lstTwo = ['C','D','E','F']

# and you want to make a list with the items from both lists, using append
lstOne.append(lstTwo)
# ... will result in lstOne = ['A','B',['C','D','E','F']]
# It adds the list as item 3 (nested list)!

# you can loop through list and add the items:
lstOne = ['A','B']
lstTwo = ['C','D','E','F']
for itemTwo in lstTwo:
    lstOne.append(itemTwo)
# ... will result in lstOne = ['A','B','C','D','E','F']

# you can also sum the two lists:
lstOne = ['A','B']
lstTwo = ['C','D','E','F']
lstThree = lstOne + lstTwo
# ... will result in lstThree = ['A','B','C','D','E','F']

# or you can use the 'extend':
lstOne = ['A','B']
lstTwo = ['C','D','E','F']
lstOne.extend(lstTwo)
# ... will result in lstOne = ['A','B','C','D','E','F']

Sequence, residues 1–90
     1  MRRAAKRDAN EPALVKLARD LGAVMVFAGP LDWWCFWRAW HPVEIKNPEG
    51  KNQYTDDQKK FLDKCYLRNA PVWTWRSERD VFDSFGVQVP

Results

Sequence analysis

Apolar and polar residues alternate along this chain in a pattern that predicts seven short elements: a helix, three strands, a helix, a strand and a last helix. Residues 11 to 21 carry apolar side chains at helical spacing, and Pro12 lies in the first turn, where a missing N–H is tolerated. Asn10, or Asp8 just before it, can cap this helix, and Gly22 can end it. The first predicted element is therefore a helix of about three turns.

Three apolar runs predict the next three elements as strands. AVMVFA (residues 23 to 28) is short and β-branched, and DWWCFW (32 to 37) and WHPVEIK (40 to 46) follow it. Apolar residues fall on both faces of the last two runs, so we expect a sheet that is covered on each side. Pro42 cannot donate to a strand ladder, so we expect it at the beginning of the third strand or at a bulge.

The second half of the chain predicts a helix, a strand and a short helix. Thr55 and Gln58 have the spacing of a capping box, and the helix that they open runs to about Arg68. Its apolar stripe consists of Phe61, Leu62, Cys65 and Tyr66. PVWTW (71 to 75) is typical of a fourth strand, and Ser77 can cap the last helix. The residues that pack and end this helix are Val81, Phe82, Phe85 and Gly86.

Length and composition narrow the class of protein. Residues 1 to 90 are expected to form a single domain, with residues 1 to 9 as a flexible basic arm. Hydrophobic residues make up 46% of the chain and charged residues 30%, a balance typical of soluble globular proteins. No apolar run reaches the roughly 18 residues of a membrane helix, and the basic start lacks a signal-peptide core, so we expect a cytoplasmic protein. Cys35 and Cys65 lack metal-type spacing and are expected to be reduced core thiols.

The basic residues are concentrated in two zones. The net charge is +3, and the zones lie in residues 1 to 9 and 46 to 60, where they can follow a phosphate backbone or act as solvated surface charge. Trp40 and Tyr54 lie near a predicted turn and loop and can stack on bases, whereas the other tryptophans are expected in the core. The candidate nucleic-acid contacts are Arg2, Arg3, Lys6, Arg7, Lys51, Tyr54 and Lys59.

Note that append and extend do not return any value and change the list itself. Using the + operator will create a new list

 

Enumerate a list

The examples below show what you can achieve by using the enumerate function on a list:

mylist = ["a","b","c","d"]

print list(enumerate(mylist))
# [(0, 'a'), (1, 'b'), (2, 'c'), (3, 'd')]

print [(i, j) for i, j in enumerate(mylist)]
# [(0, 'a'), (1, 'b'), (2, 'c'), (3, 'd')]

print [pair for pair in enumerate(mylist)]
# [(0, 'a'), (1, 'b'), (2, 'c'), (3, 'd')]

# which basically does the same as:
print [(mylist.index(a), a) for a in mylist]
# [(0, 'a'), (1, 'b'), (2, 'c'), (3, 'd')]
    

 

An example of using the enumerate function to write a data table to Excel (using the xlwt module) was contributed by Neil Ayres (Thanx Neil):

tbl = "Table to export"
fldOb = arcpy.ListFields(tbl)
FieldNames = [f.name for f in fldOb]
# set up excel output
outXL = tbl + ".xls"
wb = xlwt.Workbook()
# add first sheet
SheetNum = 1
ws = wb.add_sheet("Data_" + str(SheetNum))
# first row in sheet, header line
r = 0
[ws.write(r, c, head) for c, head in list(enumerate(FieldNames))]